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Tower, The (1953)

Courtesy of BP Video Library

Main image of Tower, The (1953)
35mm, black and white, 20 mins
DirectorsPeter Pickering
 John Ingram
Production CompanyData Film Productions
Made forAnglo-Iranian Oil Company
Written byPeter Pickering
 John Ingram
PhotographyJohn Gunn
MusicDoreen Carwithen

The erection and operation of the distillation unit at the heart of the oil refinery on the Isle of Grain.

Show full synopsis

The filmmaking co-operative was the most self-consciously left-wing outfit in the mainstream documentary industry of the early postwar years. So it may seem surprising that it was responsible for a trilogy of films commissioned by British Petroleum - The Island (1952), The Tower and Kent Oil Refinery (1954) - extolling the wonders of the oil industry's development of a refinery on Kent's Isle of Grain. This project had been commenced in 1948, and the refinery would remain open until 1982.

The films do seem propagandist, but sit interestingly alongside the other work of both sponsor and production company. DATA was also undertaking work at the time for the steel and coal industries (the latter's Mining Review being its bread and butter). Its Kent oil films are similar in form and, technicalities aside, in content - and they are correspondingly unlike the many oil-sponsored films that had been shot overseas. John Slater, the voice of Mining Review, can be heard on the soundtrack of The Tower. Kent Oil Refinery was a compilation from the footage shot for the first two films, both co-credited to DATA members Peter Pickering and John Ingram. According to Pickering's recollections, the direction was largely his, while the scripts were mostly Ingram's. Very much in the tradition of 1930s rural documentaries, The Island concentrates on the tensions between the timeless and the modern - here, between the Isle of Grain's existing community and environment and the incoming oilmen. Predictably, the film concludes that these can be reconciled.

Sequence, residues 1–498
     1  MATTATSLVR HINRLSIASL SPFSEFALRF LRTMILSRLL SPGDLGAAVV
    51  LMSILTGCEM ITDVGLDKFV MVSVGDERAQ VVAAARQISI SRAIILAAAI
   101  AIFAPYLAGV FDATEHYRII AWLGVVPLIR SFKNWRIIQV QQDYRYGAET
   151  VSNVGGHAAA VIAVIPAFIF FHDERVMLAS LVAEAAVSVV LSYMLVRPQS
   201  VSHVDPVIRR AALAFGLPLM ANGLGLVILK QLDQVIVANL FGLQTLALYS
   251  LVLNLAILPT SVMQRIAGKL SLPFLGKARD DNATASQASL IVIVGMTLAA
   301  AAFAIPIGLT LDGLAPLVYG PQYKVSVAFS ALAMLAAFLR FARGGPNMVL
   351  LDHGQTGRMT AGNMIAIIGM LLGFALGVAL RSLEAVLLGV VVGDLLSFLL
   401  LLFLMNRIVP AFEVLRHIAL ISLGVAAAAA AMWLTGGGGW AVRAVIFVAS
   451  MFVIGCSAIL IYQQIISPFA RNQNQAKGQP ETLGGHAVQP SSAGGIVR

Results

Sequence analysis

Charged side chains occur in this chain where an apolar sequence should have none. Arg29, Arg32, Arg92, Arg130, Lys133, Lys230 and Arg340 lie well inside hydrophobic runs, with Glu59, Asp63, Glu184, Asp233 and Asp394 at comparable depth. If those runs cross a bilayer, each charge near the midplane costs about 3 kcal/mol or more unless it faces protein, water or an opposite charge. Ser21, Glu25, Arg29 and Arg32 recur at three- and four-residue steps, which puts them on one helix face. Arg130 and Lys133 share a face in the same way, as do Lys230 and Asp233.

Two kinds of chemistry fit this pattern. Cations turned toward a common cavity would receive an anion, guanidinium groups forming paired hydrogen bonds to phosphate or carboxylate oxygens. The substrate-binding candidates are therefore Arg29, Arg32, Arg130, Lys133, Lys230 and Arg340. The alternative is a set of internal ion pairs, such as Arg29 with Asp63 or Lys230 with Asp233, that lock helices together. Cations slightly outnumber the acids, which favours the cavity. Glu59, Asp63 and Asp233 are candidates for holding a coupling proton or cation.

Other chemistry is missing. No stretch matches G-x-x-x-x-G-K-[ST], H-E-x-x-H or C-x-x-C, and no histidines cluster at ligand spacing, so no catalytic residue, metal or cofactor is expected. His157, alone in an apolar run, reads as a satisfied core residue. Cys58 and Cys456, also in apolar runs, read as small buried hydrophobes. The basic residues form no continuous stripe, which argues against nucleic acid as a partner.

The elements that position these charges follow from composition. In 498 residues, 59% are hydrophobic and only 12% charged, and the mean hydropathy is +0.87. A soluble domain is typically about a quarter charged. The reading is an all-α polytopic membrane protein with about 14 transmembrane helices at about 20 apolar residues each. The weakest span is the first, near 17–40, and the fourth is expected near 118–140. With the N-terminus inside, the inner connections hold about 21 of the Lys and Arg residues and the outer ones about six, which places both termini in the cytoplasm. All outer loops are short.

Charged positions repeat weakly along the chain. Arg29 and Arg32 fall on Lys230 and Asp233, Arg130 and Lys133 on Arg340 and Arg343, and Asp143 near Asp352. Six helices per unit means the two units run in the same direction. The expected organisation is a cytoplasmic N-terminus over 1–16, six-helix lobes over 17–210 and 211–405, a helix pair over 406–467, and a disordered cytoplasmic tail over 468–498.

Less contemplative, The Tower is a conventionally cheerful documentary focused entirely on the refinery itself, and mainly on the erection of the distillation unit at its heart. Low angle shots of the towers, and suspenseful music over key sequences such as the hauling into position of vapour lines, attempt to inject a sense of heroism and romance into an essentially process-based story with a technocratic message.

Actors provide off-screen voices for various groups of workers seen in different sequences and locations - from draughtsmen to construction workers and BP trainees. They speak in the present tense about their part in the process, while a central voice anchors them, speaking always in the past tense.

The conclusion: the refinery has been a stunning success.

Patrick Russell

Click titles to see or read more

Video Clips
Complete film (19:29)
Island, The (1952)
Slater, John (1916-1975)
British Petroleum films